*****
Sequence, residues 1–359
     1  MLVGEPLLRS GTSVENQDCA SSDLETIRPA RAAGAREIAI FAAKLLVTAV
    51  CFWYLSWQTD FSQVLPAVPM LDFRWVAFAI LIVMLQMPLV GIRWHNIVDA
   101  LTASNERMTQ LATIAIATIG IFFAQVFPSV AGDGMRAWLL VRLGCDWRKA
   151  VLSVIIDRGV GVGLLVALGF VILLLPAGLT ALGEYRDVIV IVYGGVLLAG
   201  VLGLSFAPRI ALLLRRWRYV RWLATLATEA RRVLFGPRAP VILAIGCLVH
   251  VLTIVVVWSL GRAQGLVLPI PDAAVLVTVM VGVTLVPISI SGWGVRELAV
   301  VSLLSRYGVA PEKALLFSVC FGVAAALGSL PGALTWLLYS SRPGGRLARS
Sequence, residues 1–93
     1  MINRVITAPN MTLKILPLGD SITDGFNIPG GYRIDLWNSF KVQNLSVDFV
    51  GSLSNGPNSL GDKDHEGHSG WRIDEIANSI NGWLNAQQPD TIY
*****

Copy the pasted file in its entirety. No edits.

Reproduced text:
Sequence, residues 1–359
     1  MLVGEPLLRS GTSVENQDCA SSDLETIRPA RAAGAREIAI FAAKLLVTAV
    51  CFWYLSWQTD FSQVLPAVPM LDFRWVAFAI LIVMLQMPLV GIRWHNIVDA
   101  LTASNERMTQ LATIAIATIG IFFAQVFPSV AGDGMRAWLL VRLGCDWRKA
   151  VLSVIIDRGV GVGLLVALGF VILLLPAGLT ALGEYRDVIV IVYGGVLLAG
   201  VLGLSFAPRI ALLLRRWRYV RWLATLATEA RRVLFGPRAP VILAIGCLVH
   251  VLTIVVVWSL GRAQGLVLPI PDAAVLVTVM VGVTLVPISI SGWGVRELAV
   301  VSLLSRYGVA PEKALLFSVC FGVAAALGSL PGALTWLLYS SRPGGRLARS
Sequence, residues 1–93
     1  MINRVITAPN MTLKILPLGD SITDGFNIPG GYRIDLWNSF KVQNLSVDFV
    51  GSLSNGPNSL GDKDHEGHSG WRIDEIANSI NGWLNAQQPD TIY